Short Answer: It can but usually only in the first few weeks of keto and usually in only the most insulin resistant.
Your Old Diet
Before we get into how hypoglycemia is possible with a ketogenic diet, let’s review what happens with your blood sugar levels when you start a ketogenic diet. While you were eating your traditional high-carb Standard American Diet, you were training your body to produce a large amount of insulin with every meal. This insulin was important because the high levels of blood glucose your diet was producing was toxic to your body so your body had to get that sugar out of the blood stream and into cells where it could be used as fuel or stored as glycogen or triglycerides.
Your New Diet
Now let’s look at what happens when you start a ketogenic diet. Your body continues to produce the same amount of insulin when you eat which should cause your blood sugar levels to drop so instead, your body begins to pull sugar out of all the nooks and crannies in your body where it stored it. The first reservoir to be tapped is the glycogen stored in your muscles. This stock of sugar is large enough that you can potentially go several weeks with normal blood sugars on keto but eventually those stores run out and that’s when things can get a crazy.
Now for most people, by the time the stores of sugar are depleted, your body has already begun making a few of the necessary changes to your metabolism to run on fat and the feeling of being “run down” or what is sometimes called the “Keto Flu” only last a few days. The body makes the transition over to running on stored fat and ketones and you are off to the races but for a few people, especially the really insulin resistant ones, you can start to feel the symptoms of hypoglycemia.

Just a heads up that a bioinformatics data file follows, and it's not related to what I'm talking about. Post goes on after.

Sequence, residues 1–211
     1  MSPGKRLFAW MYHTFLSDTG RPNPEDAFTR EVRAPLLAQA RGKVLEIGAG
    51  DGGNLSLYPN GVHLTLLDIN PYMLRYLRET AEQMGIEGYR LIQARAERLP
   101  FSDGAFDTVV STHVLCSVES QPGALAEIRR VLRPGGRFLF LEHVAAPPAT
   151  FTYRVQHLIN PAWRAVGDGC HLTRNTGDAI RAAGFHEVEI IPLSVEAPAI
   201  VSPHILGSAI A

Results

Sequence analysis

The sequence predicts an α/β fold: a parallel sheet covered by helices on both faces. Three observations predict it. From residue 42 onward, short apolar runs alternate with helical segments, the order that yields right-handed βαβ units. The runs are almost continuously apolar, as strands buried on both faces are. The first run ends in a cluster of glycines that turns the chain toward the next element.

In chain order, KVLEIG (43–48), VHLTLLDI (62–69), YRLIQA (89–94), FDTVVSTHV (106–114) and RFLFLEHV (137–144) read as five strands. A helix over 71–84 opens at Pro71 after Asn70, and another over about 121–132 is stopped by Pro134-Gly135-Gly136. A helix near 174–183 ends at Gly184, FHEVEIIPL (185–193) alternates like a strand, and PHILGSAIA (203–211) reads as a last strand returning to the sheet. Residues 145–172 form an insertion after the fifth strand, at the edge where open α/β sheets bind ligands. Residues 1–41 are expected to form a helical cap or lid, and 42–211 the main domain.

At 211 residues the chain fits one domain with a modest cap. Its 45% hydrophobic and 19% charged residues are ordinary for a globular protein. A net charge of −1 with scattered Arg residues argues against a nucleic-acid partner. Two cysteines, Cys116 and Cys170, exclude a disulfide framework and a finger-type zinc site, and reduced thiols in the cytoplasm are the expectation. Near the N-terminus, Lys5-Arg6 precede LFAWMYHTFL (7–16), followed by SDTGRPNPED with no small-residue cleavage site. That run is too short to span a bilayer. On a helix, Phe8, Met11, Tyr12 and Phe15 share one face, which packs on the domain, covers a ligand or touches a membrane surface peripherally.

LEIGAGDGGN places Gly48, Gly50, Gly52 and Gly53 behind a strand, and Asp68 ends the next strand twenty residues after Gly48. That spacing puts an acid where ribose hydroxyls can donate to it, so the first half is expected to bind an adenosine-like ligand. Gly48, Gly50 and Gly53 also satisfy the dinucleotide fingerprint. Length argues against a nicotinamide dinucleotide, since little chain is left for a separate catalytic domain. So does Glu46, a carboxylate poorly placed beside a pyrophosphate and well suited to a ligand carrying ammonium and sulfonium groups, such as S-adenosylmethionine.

Symptoms of Hypoglycemia
Your body begins to produce adrenalin and cortisol, both are stress hormones that tell the liver to produce more blood glucose in the liver. This causes feelings of hypoglycemia as the body struggles to maintain proper blood sugar levels while simultaneously trying to make the switch over to begin burning fat for fuel. Symptoms include:
- heart palpitations or fibrillation
- shaking and tremors
- craving for sweets
- intense hunger
- nausea, vomiting
- panic attack
- numbness/coldness in the extremities
- fatigue and shakiness for hours afterwards
Remedies for Hypoglycemia
If you get like this, it is ok to eat something with some sugar in it to get some relief while the body continues to make the transfer. Something like a piece of fruit of even glucose tablets. The important thing to remember here is that this goes away eventually. Soon your body will be humming along just fine on ketones and this will all be a distant memory. Remember to drink plenty of water and up your salt intake during this time.
If you have any other questions, leave them in the comments below and I’ll answer them as best I can. Thanks!